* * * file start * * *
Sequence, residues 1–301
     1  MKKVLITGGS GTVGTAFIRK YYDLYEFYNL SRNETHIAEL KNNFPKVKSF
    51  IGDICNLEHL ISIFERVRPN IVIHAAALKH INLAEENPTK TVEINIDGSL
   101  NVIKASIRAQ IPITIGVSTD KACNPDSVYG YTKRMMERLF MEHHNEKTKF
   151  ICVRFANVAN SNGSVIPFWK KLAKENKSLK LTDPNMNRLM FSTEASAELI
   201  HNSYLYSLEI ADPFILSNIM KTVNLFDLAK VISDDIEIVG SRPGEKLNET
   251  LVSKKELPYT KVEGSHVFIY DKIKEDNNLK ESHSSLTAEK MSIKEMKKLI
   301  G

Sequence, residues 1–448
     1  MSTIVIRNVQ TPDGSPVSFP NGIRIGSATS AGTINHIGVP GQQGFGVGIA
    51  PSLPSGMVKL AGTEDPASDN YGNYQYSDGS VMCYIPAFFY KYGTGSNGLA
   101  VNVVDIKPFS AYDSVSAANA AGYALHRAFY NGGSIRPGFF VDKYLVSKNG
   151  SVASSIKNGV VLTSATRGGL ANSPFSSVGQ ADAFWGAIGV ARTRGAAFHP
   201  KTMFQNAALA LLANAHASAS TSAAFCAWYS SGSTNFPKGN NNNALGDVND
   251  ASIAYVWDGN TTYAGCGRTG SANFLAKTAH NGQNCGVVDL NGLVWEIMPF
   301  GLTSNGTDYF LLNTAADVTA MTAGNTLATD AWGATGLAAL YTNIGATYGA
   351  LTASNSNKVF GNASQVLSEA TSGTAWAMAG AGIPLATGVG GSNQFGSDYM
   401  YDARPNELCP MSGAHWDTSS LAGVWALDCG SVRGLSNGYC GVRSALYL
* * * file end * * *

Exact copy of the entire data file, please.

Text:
Sequence, residues 1–301
     1  MKKVLITGGS GTVGTAFIRK YYDLYEFYNL SRNETHIAEL KNNFPKVKSF
    51  IGDICNLEHL ISIFERVRPN IVIHAAALKH INLAEENPTK TVEINIDGSL
   101  NVIKASIRAQ IPITIGVSTD KACNPDSVYG YTKRMMERLF MEHHNEKTKF
   151  ICVRFANVAN SNGSVIPFWK KLAKENKSLK LTDPNMNRLM FSTEASAELI
   201  HNSYLYSLEI ADPFILSNIM KTVNLFDLAK VISDDIEIVG SRPGEKLNET
   251  LVSKKELPYT KVEGSHVFIY DKIKEDNNLK ESHSSLTAEK MSIKEMKKLI
   301  G

Sequence, residues 1–448
     1  MSTIVIRNVQ TPDGSPVSFP NGIRIGSATS AGTINHIGVP GQQGFGVGIA
    51  PSLPSGMVKL AGTEDPASDN YGNYQYSDGS VMCYIPAFFY KYGTGSNGLA
   101  VNVVDIKPFS AYDSVSAANA AGYALHRAFY NGGSIRPGFF VDKYLVSKNG
   151  SVASSIKNGV VLTSATRGGL ANSPFSSVGQ ADAFWGAIGV ARTRGAAFHP
   201  KTMFQNAALA LLANAHASAS TSAAFCAWYS SGSTNFPKGN NNNALGDVND
   251  ASIAYVWDGN TTYAGCGRTG SANFLAKTAH NGQNCGVVDL NGLVWEIMPF
   301  GLTSNGTDYF LLNTAADVTA MTAGNTLATD AWGATGLAAL YTNIGATYGA
   351  LTASNSNKVF GNASQVLSEA TSGTAWAMAG AGIPLATGVG GSNQFGSDYM
   401  YDARPNELCP MSGAHWDTSS LAGVWALDCG SVRGLSNGYC GVRSALYL